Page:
When the "Chicago Daily News" closed its doors in 1978 after over a century of publication, the city mourned the loss of an American original. The "Daily News" boasted the inventive, aggressive writing of such luminaries as Carl Sandburg and Ben Hecht, but it was also one of the first newspapers in the country to feature black-and-white photography. In 1900, staffers from the paper's art department began lugging bulky cameras, heavy glass plates, and explosive flash powder throughout the city. A labor strike, a boxing match, or a crime scene - it was all in a day's work for the "Daily News" photographer. These cameramen helped sell papers, but, as Mark Jacob and Richard Cahan reveal, they also made art. "Chicago under Glass: Early Photographs" from the "Chicago Daily News" is the first collection of images from the photo staff's early years, 1901 to 1930. Jacob and Cahan, seasoned journalists themselves, have selected more than 250 images - many of which have never before been published - from the nearly 57,000 glass negatives housed at the Chicago History Museum.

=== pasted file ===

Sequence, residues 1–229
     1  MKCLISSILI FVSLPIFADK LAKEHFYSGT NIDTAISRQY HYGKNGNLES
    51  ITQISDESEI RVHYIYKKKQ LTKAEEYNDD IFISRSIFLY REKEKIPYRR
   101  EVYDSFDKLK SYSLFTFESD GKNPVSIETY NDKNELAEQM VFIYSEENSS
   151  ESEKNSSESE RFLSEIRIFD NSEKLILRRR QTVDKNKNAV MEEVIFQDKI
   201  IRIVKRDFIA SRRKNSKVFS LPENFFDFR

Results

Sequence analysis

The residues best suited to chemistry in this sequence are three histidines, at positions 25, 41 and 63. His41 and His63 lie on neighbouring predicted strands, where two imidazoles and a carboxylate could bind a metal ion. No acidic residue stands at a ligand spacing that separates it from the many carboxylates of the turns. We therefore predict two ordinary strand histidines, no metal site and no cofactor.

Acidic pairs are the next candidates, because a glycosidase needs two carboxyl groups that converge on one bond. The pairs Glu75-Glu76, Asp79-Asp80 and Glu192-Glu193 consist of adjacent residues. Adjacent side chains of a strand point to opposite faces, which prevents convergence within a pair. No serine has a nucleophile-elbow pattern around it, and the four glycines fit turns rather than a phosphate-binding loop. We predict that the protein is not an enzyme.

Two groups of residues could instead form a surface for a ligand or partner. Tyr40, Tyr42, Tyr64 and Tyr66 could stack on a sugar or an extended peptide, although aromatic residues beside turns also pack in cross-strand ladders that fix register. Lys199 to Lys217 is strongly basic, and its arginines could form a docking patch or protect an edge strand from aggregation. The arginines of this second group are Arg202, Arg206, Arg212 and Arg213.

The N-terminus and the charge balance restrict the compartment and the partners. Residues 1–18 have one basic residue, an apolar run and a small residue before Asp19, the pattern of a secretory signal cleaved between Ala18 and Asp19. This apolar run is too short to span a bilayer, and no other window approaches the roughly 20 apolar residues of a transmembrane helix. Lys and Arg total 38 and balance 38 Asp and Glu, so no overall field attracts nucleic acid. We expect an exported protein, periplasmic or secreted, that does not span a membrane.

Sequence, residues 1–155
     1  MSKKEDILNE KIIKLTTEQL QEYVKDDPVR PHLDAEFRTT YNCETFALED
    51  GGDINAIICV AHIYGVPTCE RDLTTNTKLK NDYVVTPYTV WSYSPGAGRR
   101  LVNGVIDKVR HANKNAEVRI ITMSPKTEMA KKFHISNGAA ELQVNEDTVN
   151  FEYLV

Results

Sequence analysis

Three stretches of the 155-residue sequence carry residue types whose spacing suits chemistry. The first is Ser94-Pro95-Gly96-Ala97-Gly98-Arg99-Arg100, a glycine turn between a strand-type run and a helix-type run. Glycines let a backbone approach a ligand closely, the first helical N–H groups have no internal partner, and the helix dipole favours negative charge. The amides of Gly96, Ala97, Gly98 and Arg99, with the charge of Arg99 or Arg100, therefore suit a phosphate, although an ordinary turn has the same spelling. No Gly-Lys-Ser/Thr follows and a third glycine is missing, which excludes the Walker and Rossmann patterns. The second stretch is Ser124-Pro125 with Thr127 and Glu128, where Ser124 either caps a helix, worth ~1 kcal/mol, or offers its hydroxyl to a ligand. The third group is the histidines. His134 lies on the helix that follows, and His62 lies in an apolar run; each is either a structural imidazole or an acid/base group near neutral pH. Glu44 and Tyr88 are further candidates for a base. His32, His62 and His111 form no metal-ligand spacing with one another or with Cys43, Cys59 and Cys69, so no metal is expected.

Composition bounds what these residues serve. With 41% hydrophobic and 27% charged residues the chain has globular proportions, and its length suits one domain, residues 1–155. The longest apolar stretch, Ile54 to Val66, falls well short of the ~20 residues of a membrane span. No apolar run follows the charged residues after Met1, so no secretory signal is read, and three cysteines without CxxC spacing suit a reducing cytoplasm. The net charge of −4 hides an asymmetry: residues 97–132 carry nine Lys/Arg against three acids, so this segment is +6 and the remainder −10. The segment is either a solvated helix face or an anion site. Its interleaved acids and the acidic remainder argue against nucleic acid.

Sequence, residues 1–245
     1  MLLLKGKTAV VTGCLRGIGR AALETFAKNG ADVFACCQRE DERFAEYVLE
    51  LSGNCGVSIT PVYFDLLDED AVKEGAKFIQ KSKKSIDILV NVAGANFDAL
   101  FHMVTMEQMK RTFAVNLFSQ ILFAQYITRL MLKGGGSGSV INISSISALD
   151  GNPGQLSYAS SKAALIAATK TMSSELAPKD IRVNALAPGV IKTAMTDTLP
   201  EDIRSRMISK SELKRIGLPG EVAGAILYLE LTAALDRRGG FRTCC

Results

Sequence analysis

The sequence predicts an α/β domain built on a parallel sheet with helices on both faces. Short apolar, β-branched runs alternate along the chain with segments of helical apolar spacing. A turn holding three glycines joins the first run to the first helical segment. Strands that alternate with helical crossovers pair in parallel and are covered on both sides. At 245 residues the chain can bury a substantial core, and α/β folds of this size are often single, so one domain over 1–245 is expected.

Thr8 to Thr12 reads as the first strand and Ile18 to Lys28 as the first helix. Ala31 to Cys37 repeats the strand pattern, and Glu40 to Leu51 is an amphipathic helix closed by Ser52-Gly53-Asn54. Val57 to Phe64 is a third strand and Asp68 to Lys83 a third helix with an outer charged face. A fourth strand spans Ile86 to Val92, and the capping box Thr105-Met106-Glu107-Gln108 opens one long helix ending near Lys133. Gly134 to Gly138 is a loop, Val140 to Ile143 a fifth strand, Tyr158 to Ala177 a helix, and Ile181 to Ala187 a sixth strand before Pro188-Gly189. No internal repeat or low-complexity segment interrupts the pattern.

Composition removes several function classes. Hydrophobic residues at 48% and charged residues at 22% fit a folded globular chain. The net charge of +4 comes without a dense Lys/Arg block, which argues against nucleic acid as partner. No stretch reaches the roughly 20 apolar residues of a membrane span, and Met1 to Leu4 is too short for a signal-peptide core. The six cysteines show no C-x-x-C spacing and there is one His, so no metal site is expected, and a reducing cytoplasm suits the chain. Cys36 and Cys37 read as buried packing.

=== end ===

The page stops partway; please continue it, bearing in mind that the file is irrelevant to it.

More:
Each thematic section of the book begins with a fascinating introduction by the authors, and each image is accompanied by insightful historical commentary. These fragile glass records are a remarkable piece of American history. Together, they capture a time of massive change and stark contrasts, the defining years in a place Nelson Algren called "Hustlertown." From dramatic shots of the Eastland steamer disaster to the glittering electric lights of the White City amusement park and the grim aftermath of the Saint Valentine's Day Massacre, the history these images reveal is not simply the story of Chicago, but the history of the modern American city. 260 duotones